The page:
Are you meeting the NHS contract requirement to get discharge letters to GPs within 72 hours? Will you be ready for the 24 hour requirement starting in April 2010? Find out how to do it at this free online seminar. Register now and watch the debate on demand on your PC
Are you meeting the NHS contract requirement to get discharge letters to GPs within 72 hours? Will you be ready for the 24 hour requirement starting in April 2010? Find out how to do it at this free online seminar. Register now and watch the debate on demand on your PC.
- Duration: 45 minutes
- Cost: Free
- Where: Your PC
- Register now
Getting discharge letters to GPs is not a glamorous job but it is a critical safety issue. How can a GP provide safe care if they do not know a patient has been in hospital, let alone what happened to them or what they were prescribed? Too often in the past the task has been left to junior doctors. The consequence was late and incomplete discharge summaries. That is not good enough anymore.
In April 2008 the NHS contract introduced a new national standard: acute hospitals must send a discharge summary to a patient’s GP within 72 hours of the patient’s discharge. In April 2010, this drops to 24 hours. Failure puts hospitals in breach of their contract and they can be penalised financially. But a year into the new contract and two thirds of GPs surveyed by the NHS Alliance say they are still not getting discharge letters on time. One in four GPs says this has put patient safety at risk.
PCTs and practice based commissioning groups are beginning to flex their financial muscles. Suddenly, discharge letters are getting a lot more attention than they used to. It is clear that paper-based solutions won’t cut it. The only way forward is standardised electronic discharge summaries, securely transmitted over local healthcare networks.
There are several potential benefits:
- patients leave hospital quicker and with a legible copy of the discharge summary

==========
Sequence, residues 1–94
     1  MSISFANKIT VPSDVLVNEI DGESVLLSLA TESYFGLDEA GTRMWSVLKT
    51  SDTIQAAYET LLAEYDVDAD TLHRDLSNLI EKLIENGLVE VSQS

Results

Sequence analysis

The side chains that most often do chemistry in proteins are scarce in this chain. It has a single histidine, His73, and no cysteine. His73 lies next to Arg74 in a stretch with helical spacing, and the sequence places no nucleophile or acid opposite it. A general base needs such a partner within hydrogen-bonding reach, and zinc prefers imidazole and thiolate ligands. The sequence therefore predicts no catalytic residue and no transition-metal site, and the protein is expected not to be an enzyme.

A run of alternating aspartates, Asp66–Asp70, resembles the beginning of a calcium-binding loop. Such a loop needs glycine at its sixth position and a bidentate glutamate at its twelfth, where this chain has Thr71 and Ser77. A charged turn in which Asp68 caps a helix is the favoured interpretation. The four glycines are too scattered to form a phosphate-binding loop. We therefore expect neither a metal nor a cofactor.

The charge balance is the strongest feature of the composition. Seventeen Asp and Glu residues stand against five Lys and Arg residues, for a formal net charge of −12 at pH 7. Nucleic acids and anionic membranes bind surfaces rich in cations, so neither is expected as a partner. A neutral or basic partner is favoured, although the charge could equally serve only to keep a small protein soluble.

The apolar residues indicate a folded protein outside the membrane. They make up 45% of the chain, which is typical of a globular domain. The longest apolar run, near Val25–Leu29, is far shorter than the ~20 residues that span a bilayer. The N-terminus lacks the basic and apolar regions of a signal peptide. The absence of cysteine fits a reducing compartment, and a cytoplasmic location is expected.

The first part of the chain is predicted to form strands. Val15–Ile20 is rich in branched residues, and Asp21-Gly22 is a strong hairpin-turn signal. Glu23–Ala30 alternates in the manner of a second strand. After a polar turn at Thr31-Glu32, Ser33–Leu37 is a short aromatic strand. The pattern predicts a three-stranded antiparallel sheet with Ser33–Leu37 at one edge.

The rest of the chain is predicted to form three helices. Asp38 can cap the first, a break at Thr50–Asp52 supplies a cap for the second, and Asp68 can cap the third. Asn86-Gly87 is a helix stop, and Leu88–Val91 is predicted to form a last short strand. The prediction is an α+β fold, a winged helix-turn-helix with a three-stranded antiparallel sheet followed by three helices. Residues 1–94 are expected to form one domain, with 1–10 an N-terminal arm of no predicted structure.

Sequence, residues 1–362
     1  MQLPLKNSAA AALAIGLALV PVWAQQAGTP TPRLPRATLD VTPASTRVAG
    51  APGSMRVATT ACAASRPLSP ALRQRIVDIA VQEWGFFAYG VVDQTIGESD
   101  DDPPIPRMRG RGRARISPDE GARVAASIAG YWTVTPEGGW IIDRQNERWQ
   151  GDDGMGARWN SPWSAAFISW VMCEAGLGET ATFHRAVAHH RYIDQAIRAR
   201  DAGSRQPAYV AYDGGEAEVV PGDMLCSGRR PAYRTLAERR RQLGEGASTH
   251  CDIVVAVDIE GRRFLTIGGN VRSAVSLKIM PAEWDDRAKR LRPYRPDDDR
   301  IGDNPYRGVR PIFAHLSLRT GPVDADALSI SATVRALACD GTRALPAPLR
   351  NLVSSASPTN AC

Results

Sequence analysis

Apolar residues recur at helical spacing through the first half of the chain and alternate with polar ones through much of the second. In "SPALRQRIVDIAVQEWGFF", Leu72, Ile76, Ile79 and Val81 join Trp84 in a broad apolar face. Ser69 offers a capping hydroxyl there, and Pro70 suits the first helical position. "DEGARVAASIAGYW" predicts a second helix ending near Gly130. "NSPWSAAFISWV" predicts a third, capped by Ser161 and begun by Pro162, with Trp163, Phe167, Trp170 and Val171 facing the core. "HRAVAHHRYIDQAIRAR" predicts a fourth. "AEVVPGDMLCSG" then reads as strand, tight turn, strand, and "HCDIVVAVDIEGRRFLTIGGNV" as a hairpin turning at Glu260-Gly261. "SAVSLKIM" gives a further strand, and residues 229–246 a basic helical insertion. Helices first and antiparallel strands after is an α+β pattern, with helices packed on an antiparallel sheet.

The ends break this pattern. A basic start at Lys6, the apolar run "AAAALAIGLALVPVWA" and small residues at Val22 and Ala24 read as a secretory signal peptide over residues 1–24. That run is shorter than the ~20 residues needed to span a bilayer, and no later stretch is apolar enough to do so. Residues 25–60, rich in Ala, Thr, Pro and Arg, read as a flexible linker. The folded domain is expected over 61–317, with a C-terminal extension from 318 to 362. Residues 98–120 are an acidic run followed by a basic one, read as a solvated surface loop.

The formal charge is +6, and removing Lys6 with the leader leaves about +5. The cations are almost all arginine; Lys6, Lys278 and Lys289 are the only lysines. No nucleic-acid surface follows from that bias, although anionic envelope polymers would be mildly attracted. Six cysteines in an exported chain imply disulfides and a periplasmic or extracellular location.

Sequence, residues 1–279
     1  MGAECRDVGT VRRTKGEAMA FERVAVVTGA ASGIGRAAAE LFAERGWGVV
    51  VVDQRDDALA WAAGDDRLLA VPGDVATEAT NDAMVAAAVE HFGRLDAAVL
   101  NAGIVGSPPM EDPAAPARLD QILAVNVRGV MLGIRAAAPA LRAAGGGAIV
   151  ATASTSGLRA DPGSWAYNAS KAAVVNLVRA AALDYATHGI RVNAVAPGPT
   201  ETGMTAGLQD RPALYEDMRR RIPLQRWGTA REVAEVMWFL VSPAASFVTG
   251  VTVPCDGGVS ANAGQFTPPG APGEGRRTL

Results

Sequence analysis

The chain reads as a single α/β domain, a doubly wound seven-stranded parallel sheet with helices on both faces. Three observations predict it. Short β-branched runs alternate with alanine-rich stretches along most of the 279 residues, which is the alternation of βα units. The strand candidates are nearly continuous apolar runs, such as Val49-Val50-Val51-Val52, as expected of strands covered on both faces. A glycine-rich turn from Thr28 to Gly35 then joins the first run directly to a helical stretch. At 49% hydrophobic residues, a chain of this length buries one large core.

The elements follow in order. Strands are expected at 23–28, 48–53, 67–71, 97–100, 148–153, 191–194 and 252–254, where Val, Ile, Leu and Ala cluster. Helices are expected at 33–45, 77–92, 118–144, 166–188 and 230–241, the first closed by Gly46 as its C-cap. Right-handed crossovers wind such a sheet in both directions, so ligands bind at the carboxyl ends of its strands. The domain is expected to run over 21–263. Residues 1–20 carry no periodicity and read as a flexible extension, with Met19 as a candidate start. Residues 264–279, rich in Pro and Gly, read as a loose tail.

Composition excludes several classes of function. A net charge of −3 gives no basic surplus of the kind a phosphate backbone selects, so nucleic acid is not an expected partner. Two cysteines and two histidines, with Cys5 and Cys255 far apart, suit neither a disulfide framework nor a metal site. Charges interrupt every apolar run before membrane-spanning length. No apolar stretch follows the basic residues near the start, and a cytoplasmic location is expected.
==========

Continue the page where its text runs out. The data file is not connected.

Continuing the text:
- GPs have immediate access to the patients’ discharge medication, dose, and frequency
- hospital staff spend less time spend completing discharge summaries
- improved bed management
- a better experience for the patient
Realising these benefits is easier said than done. Discharge information comes from a wide variety of legacy IT systems and hospital PASs. GPs increasingly want electronic correspondence to integrate into their clinical systems in order to meet their own governance requirements. And then there is the issue of standards which are now being built into the national NHS IT programme. Automating discharge summaries is a major systems integration feat. It’s clear a new approach is warranted. The expert panel will look at how you meet the national standards.
This online seminar will tackle the following:
- Why time is running out for developing electronic discharge processes.
- Penalties and incentives - do they work?
- Discharge automation - where to start? What does it cost and what is the rate of return?
- Systems integration - what are the options? What do they cost and are they flexible?
- Standards - considerations for technical and interoperability standards.
Helen Crump, HSJ Deputy News Editor
- Dr Michael Dixon, Chair, NHS Alliance
- Tim Riley, Chief Executive, Tameside and Glossop PCT
- Anne Quirk, Director, Oakleigh Consulting
- Josh Painter, Senior Architect, Intel
Who should watch?
- Chief executives of PCTs and acute trusts
- Directors of commissioning
- Directors of finance in PCTs and acute trusts
- Directors of strategy and performance
- Directors of information management and technology
- Practice based commissioners
With the 2010 deadline fast approaching getting it right now is paramount. There’s no resting on your laurels - take action now by watching this free and essential online seminar. Register now.